The French oak is considered the best worldwide due to its fine aromas and is the most widely used in Europe. The areas of origin are not too humid and the soil does not contain iron. The two European oak species relevant to the barrel occupy more than four million hectares (40,000 km²). This makes France by far the largest European supplier of oak wood. Annually are here by the Tonnelleries produces about 200,000 barrique barrels. The most common names listed below refer to the origin. However, since there is no AOP ( Appellation d'Origine Protégée ) for oak wood, one can not derive the exact origin from the name under which the woods are marketed. In addition, there are still oak from the two regions of Jura and Burgundy, as well as from the Argonner forest near Champagne. A specialty are barrels of different origin bound wood (wood mix).
Allier : named after the river of the same name (a tributary of the Loire) in central France. Here lies the appellation Saint-Pourçain, To the north, the department of Nièvre, which is also important for oak wood, adjoins. The particularly fine-pored Allier oak is considered the highest quality. The less abundant tannins have a pronounced, sweet taste of vanilla. The best forest forests are Dreuille, Gros Bois and Tronçais (see below). In addition to the general name Allier the woods are also marketed under the name of these forests. By far the most commonly used oak wood is equally well suited for reds and whites.
Bois du Center : Common name for oak wood from central France, which may refer to products from different départements.
Cher : The wood is named after the eponymous department in central France, the forests are located around the capital Bourges. South borders the department of Alliers. The fine-grained wood is less tanninhaltige than that of Allier, thus providing milder wines.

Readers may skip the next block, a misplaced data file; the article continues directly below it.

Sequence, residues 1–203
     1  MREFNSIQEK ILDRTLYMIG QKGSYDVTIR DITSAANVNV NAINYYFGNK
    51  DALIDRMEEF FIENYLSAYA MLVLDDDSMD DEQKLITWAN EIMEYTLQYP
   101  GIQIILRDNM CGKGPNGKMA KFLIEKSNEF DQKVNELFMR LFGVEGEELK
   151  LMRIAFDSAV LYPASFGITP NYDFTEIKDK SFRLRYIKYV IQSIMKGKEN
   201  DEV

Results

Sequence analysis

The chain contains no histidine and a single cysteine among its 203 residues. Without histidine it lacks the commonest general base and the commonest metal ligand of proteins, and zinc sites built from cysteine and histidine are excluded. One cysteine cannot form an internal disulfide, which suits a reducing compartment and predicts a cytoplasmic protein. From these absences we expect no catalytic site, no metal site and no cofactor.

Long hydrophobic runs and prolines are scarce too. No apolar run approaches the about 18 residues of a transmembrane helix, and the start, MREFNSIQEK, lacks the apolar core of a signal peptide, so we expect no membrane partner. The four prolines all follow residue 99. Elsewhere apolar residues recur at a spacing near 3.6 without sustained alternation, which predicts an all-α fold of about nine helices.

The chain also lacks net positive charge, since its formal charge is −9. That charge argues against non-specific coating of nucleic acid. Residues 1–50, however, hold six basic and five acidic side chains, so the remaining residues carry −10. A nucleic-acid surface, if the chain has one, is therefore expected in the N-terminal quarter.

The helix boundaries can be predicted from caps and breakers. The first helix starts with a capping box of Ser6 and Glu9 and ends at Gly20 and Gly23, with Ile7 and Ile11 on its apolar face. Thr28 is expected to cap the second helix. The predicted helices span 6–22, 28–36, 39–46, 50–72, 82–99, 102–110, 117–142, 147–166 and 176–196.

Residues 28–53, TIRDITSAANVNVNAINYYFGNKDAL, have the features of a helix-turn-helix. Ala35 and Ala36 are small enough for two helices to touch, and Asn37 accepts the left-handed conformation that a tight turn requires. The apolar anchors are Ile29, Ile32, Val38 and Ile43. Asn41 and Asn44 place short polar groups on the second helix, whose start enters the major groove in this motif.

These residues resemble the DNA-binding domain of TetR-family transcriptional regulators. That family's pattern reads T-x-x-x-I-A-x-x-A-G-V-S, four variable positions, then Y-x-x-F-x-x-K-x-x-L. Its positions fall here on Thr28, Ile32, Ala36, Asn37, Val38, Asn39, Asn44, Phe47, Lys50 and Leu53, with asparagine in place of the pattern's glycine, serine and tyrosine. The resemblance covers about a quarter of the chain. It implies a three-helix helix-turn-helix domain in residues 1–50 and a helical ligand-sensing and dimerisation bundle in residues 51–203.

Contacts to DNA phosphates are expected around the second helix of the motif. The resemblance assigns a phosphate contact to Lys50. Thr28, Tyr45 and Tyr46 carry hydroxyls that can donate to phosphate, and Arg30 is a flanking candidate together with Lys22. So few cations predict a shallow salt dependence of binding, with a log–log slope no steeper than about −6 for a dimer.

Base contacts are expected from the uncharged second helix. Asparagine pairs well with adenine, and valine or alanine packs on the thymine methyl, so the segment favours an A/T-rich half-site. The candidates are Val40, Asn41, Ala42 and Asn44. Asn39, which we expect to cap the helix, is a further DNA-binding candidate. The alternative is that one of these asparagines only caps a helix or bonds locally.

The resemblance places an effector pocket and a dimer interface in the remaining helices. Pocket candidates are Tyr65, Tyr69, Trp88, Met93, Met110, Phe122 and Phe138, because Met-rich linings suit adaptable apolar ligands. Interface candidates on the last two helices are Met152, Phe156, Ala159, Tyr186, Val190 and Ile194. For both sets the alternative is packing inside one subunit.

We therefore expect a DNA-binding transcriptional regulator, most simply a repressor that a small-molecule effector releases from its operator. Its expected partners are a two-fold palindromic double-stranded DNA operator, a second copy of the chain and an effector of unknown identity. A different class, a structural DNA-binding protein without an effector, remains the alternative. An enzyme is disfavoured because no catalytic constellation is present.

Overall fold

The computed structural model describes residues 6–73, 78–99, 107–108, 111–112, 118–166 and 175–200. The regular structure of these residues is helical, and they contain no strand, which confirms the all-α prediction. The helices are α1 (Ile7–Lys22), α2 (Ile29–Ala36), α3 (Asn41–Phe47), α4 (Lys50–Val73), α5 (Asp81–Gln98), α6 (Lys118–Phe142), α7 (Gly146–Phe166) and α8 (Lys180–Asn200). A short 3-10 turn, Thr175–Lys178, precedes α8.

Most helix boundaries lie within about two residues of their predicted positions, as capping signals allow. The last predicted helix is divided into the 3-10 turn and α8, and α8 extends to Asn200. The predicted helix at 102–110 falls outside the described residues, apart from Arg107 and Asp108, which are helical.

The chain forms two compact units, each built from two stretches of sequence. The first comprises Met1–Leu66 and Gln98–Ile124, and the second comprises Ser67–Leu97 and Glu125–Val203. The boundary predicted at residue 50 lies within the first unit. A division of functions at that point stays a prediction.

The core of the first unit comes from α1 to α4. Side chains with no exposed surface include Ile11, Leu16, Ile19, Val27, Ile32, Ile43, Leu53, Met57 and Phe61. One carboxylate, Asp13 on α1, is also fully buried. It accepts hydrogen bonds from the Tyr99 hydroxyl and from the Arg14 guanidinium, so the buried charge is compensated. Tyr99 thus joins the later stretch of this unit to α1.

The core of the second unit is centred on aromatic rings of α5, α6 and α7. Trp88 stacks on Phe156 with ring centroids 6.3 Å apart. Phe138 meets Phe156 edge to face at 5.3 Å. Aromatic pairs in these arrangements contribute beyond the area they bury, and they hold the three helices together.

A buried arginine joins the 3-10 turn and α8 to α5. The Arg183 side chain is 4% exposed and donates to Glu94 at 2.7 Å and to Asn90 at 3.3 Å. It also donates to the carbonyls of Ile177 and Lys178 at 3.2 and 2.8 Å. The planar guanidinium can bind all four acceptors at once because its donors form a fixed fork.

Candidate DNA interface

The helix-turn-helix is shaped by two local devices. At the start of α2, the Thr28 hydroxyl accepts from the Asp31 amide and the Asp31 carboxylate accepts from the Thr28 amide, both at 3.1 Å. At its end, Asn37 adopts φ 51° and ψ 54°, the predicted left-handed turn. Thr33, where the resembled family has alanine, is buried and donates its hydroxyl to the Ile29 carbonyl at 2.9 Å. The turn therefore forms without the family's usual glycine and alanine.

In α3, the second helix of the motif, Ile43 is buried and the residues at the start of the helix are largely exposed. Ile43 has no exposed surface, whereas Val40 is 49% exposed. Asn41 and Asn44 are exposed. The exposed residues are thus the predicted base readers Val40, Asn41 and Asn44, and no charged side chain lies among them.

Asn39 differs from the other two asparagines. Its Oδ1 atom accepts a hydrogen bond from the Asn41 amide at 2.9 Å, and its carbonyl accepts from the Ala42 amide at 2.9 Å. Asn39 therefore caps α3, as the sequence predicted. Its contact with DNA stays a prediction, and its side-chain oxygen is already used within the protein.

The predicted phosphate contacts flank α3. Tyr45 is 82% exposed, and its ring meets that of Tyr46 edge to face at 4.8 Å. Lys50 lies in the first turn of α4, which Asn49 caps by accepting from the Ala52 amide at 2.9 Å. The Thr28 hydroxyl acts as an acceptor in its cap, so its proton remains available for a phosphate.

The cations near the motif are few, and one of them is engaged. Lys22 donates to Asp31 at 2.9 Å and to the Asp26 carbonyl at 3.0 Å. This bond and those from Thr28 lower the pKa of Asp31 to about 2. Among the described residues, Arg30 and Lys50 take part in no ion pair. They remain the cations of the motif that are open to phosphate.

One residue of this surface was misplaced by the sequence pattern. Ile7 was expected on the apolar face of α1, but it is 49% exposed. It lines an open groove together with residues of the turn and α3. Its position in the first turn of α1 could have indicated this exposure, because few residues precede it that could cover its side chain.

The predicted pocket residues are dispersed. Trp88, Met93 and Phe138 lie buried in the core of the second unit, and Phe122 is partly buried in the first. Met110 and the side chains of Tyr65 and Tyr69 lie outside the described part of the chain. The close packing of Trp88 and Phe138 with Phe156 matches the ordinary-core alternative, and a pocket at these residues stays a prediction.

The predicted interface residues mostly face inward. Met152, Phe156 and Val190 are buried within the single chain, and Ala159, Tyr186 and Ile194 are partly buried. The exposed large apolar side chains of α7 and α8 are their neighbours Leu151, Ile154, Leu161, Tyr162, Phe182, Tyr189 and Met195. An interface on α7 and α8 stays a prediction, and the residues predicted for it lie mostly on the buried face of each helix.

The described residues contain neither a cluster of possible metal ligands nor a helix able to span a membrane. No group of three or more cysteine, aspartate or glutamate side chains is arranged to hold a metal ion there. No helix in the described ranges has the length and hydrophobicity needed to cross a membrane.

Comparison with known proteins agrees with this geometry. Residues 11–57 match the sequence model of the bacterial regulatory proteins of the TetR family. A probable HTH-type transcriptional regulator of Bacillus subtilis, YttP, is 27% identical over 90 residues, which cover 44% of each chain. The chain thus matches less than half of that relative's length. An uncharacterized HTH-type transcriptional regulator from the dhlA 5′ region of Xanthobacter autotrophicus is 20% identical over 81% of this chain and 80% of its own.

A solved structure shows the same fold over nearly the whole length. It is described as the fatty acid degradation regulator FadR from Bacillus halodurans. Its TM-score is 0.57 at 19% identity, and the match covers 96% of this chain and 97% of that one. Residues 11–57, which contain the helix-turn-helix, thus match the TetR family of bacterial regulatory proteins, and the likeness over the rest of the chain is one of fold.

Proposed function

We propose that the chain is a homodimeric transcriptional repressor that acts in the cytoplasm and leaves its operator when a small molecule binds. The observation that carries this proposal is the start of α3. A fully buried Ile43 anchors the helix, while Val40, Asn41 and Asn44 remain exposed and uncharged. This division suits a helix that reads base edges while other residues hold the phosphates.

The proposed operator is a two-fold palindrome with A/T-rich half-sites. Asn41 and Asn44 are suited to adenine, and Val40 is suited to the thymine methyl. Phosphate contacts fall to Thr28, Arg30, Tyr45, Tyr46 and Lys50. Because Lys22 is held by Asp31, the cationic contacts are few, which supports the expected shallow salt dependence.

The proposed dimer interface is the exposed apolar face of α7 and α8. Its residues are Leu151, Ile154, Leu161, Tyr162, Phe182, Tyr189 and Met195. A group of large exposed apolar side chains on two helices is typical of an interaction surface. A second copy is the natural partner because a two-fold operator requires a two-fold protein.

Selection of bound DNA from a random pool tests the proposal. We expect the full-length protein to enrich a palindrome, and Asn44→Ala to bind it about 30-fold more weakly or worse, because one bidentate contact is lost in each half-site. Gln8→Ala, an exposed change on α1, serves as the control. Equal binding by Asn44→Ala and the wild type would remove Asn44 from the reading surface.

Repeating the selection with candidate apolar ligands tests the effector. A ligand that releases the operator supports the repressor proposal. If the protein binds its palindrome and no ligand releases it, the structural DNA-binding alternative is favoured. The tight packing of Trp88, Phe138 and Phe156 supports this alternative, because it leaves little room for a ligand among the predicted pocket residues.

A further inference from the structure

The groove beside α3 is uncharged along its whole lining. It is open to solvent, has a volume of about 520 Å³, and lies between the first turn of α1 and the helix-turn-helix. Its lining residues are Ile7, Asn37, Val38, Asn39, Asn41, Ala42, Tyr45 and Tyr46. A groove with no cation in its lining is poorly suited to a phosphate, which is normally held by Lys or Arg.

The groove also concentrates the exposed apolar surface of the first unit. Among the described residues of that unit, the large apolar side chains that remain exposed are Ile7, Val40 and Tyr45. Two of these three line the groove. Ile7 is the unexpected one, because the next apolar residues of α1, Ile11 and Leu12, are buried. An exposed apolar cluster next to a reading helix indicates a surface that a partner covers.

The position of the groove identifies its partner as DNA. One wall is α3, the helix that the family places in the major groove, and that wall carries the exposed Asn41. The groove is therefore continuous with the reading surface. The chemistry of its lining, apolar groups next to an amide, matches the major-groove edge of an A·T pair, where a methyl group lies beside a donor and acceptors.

Limousin : The name of this oak wood is derived from the eponymous region (landscape) in central France west of the Massif Central. It includes the départements of Corrèze, Creuse and Haute-Vienne. The extensive forest area connects southwest to the department of Allier. The granite, clay and limestone-containing soils provide a large pore wood with fewer aromas, the rich tannins are triggered very quickly. This results in strongly astringent wines. It is mainly used for brandies like Armagnac and cognac used to a lesser extent for powerful red wines from for example Cabernet Sauvignon, Grenache Noir ( Garnacha Tinta ) Syrah and Zinfandel,
Nièvre / Nevers : The wood is named after the département of Nièvre or its capital, Nevers, on the Loire. South borders the department of Allier. Here lies the appellation Pouilly-Fumé, One of the most famous forests is called Bertranges. The oak wood is also happy for the barrel type pièce used. It has medium-fine pores that release the tannin relatively slowly. The wood is soft and sweet, but slightly more tannic than Allier, which makes it one of the best. It is especially recommended for wines from Cabernet Sauvignon, Carignan Noir ( mazuelo ), Grenache Noir, Sauvignon Blanc and Syrah used.
Tronçais : The wood comes from the forest of the same name in the north of the Allier department. It is particularly fine-pored and rich in tannins and is particularly suitable for red wines Pinot Noir (Blue Burgundy) and white wines from the grape varieties Chardonnay and Pinot Gris (Gray burgundy).
Vosges : The wood comes from the same department in the north-east of France Lorraine on the western foothills of the Vosges. The very bright, almost white wood is fine-pored and rich in tannins. Due to the large differences in height, however, there are slightly different types of wood. It is particularly suitable for white wines from the varieties Chardonnay and Sauvignon Blanc.
As an alternative to the relatively expensive and elaborate Barrique expansion are in the New World for some time in the winemaking Wood chips (Oak pieces) and Staves (Oak slats) as well as special containers under the brand names rebarriQue and Stakvat used and / or the wine also added aromatic essences. used and / or the wine also added aromatic essences. Within the EU, such techniques have so far only been allowed experimentally by way of exemption. The trade agreement between the EU and the US, signed at the end of 2005, resulted in liberalization (see below) wine law ). Within the EU, the addition to the wine is of oenological tannins (in solid form) and since 2007 also allowed the use of wood chips.